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Assessment of Aquatic Toxicity of Triphenyl Phosphite Based on Assessment of Hydrolysis Products

In attempting to design appropriate studies to investigate the acute ecotoxicity of TPP in algae, daphnids and fish, it was discovered that the testing would be difficult to conduct in compliance with OECD Guidance Document #23 entitled “Guidance Document on Aquatic Toxicity Testing of Difficult Substances and Mixtures” (OECD 2000) because of the inherent physical/chemical properties of the test substance (i.e., extremely poor water solubility and rapid hydrolysis at the calculated limit of solubility). After consultation with experts, it was concluded that, since direct measurements of the ecotoxicity of the parent test substance would likely be very difficult the testing program should focus on quantifying the toxicity of the combination of hydrolysis by-products of "aged" TPP.


Measured and calculated aquatic toxicity values (EC50) for the individual primary hydrolysis by-products of TPP (phenol and phosphorous acid) were identified. With these data, estimates of the acute ecotoxicity values (solution toxicity values) based on the sum of the ratios of the maximum theoretical concentration of the individual hydrolysis by-products (i.e., “aged” TPP) in solution (at the limit of solubility) and their representative ecotoxicity values (EC50) were found to be 2.2 x 10-3(algae), 2.7 x 10-2(daphnids) and 3.1 x 10-2(fish). Since a derived solution toxicity value of 1.0 is considered to be equivalent to anEC50for the “aged” solutions, the further below a value is from 1 the lower the inferred ecotoxicity hazard. On this basis, these findings indicate that the mixture of hydrolysis by-products arising from a standard solution of TPP would not be toxic to aquatic organisms.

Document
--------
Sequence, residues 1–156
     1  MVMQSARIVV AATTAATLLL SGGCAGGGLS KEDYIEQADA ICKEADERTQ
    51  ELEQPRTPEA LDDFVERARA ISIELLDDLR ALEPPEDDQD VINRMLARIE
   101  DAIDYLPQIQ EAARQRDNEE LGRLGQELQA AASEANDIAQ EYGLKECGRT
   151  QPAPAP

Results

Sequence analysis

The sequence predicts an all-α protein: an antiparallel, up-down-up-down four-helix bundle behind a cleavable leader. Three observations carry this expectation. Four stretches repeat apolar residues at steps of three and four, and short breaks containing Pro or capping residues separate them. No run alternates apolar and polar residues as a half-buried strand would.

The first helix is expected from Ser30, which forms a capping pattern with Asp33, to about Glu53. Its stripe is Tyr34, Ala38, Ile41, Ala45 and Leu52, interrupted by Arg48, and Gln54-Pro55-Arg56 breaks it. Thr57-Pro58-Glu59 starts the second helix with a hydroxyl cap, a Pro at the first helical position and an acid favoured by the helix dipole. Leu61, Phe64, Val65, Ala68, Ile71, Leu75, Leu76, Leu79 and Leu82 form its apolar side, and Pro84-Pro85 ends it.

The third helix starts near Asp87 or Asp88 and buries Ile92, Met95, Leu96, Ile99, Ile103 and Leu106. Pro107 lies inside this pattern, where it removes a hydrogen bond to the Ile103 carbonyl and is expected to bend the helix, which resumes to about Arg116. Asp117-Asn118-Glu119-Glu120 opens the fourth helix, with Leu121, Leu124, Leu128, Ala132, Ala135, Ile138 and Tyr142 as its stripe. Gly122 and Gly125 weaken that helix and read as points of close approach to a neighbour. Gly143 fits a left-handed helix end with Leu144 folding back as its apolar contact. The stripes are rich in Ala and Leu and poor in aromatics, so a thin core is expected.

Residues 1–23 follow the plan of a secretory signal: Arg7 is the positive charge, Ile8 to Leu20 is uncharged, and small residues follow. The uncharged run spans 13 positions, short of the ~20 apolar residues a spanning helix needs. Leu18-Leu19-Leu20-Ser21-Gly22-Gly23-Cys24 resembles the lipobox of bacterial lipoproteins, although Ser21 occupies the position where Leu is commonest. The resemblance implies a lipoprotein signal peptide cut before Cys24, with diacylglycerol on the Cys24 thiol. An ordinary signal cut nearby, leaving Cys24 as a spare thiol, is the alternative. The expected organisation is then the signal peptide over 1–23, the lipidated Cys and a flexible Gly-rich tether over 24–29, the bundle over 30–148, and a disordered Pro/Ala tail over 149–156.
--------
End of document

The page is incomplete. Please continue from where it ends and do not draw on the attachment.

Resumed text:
It is possible to quantitatively predict the maximum theoretical concentration of hydrolysis by-products and resulting toxicity of the solution of these by-product based on the known toxicity of the individual by-products, assuming additive toxicity.


On this basis, a detailed literature search was conducted to assess the available database of information pertaining to the acute toxicity of phenol and phosphorous acid to fish (rainbow trout), daphnids and algae. Where sufficient data were unavailable in the scientific literature, ECOSAR (US EPA 2001) was used to model the potential ecotoxicity of the hydrolysis by-products of TPP. A summary of the acute ecotoxicity data for these byproducts to these organisms is provided in the report.


By this method, a solution toxicity value of 1.0 is considered equivalent to an acute EC50value (i.e.,itwould predict 50% acute mortality /growth inhibition in the test species, based on the theoretical concentrations). 




Based on the following stoichiometry:


one mole TPP (mw= 310.29 g/mole) yields three moles phenol (mw = 94.11 g/mole) and one mole phosphorous acid (mw= 82.00 g/mole);


At its aqueous solubility limit of 0.3 mg/L, TPP would hydrolyse to 2.9 x 10-6moles/L phenol and 9.7 x 10-7moles/L phosphorous acid. These molar concentrations equate to mass concentrations of 0.27 mg phenol/L and 0.079 mg phosphorous acid/L respectively.


The modeling results of the solution toxicity values for the mixture of hydrolysis by-products of TPP at its aqueous solubility limit in fish, daphnids and algae are summarized below.

 Aquatic Toxicity Values  Phenol EC50 (mg/L) Calculated Phenol Concentration (mg/L)  Phosphorus Acid EC50 (mg/L) Calculated Phosphorus Acid Concentration(mg/L)    Calculated Solution Toxicity Values
 Fish 8.9  0.27  383  0.079  0.031
 Daphnia  10.1  0.27  387  0.079  0.027
 Algae  144.2  0.27  230  0.079  0.0022




The predicted solution toxicity values attributable to the mixture of TPP hydrolysis by-products were calculated to be2.2 x 10-3(algae), 2.7 x 10-2(daphnids) and 3.1 x 10-2(fish). These values are well below 1.0 indicating that the mixture of hydrolysis by-products arising from a saturated solution of TPP would essentially be not toxic to aquatic organisms. While a classification of R50 -53 was established for TPP, there is no clear basis for this classification and due to the rapid hydrolysis of TPP it is simply not possible to test its aquatic toxicity reliability. The hydrolysis products for TPP, phenol and phosphorous acid, are not classified as dangerous to the environment, further supporting the conclusion that TPP will not be toxic to aquatic organism.